Weather Today: Warm and Sunny, Winds WSW 6 to 10 Knots
Temperature: Air, 64 degrees F; Water, 62 degrees F
Latitude: 34 degrees 55.65 minutes S
Longitude: 174 degrees 13.43 minutes E
Miles to Go: 1,040
Location: Passage from New Zealand to Fiji

We made it. We have left the Bay of Islands in New Zealand and we are on our way to Fiji. The seas are calm, the winds are light, the sun is shining, and it is warm. From port to port it is about 1,070 miles to Suva, Fiji, and it should take us anywhere from seven to ten days to get there. Winds are currently light and from the WSW and are supposed to come around to the SE tomorrow. Tomorrow the winds will be under 10 knots and we will have to motor, but after that it should get a little better. There is a chance that sometime Sunday or Monday it could get a little windy for a day or so, but for the most part, this is predicted to be a passage with winds in the 10 to 15 knot range. If we can be on a beam reach, that will be great, but if the winds go more southerly they will be behind us and we will probably have to motor. In fact, we are motoring right now. We have the mainsail up, but each of the three times that we have put out the headsail and turned off the motor, we slowed a whopping 3 knots. We will be glad to sail at 4 knots, but below that, we motor.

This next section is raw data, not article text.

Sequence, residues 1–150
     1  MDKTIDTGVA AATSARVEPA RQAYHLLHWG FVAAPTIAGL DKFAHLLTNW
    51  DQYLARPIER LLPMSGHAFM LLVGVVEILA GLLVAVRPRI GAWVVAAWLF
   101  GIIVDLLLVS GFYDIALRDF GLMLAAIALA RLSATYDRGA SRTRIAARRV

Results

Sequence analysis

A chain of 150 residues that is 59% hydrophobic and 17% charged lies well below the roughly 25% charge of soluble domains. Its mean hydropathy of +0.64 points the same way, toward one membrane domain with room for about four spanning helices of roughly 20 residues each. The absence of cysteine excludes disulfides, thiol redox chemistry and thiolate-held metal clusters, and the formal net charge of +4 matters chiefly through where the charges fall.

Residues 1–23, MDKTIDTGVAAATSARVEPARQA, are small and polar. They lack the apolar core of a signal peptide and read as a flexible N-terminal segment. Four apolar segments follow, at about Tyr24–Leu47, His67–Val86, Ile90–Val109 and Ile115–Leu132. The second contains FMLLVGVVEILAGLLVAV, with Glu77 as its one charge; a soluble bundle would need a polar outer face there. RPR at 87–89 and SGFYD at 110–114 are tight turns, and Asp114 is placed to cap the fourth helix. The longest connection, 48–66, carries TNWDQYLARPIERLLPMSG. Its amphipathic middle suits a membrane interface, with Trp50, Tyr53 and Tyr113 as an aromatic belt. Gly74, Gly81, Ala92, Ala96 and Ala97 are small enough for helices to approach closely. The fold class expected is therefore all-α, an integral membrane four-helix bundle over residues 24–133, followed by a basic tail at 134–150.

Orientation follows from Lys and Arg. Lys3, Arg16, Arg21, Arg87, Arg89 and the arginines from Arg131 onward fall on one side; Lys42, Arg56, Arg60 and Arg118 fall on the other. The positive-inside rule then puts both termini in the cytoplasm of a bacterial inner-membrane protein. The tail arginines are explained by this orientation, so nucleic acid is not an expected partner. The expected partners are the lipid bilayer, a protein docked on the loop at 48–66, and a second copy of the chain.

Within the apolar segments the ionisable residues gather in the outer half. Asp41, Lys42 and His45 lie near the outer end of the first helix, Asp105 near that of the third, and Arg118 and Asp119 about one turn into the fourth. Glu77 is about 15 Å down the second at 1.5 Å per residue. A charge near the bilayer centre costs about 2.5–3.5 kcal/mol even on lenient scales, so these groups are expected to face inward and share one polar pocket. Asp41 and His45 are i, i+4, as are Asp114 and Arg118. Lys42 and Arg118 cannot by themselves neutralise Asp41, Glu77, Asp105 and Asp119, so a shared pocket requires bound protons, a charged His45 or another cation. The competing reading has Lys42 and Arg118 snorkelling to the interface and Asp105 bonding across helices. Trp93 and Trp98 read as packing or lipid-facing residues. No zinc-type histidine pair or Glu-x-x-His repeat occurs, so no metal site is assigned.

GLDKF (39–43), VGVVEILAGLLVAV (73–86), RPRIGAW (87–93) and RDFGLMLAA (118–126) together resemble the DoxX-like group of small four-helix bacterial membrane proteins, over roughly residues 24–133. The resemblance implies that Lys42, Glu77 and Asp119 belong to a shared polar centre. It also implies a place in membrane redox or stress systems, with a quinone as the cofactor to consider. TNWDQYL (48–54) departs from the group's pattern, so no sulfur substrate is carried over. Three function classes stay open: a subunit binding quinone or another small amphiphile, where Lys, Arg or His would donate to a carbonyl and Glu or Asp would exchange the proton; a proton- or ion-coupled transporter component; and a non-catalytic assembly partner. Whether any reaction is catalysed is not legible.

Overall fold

We didn’t get away today until just about noon. We were in line at the Customs Office at 8:30 AM, but by the time we had made two more trips to the boat and back to get things we had forgotten, had taken showers, spent our last New Zealand money at the little grocery store, and said our goodbyes to everyone, it was 11:30 before we got back to Windbird. Yesterday when we were rushing around trying to get ready to go, Randy of Procyon asked us what it was about doing nothing the day before you begin a passage that we don’t understand. We really didn’t have an answer for him, but whatever it is, we have the same problem on the day of departure. We were going full tilt today right up until the moment we dropped the mooring and headed out of the Opua Marina mooring field. Mark was checking email using he wireless connection for the last time and I was vacuuming the carpets only minutes before getting off the mooring. But once we headed out, things changed. We are both driven individuals and if there is time in a day, we seem always find a way to fill it. As we motored out of Opua, I scurried around to fix lunch and to get dinner under control, but now I am in passage mode and am sitting here in the cockpit enjoying the beautiful afternoon. When I am on Watch I am either working on my computer or reading. These are both things I get to do little of when we are near land. I think that is why I like passages so much.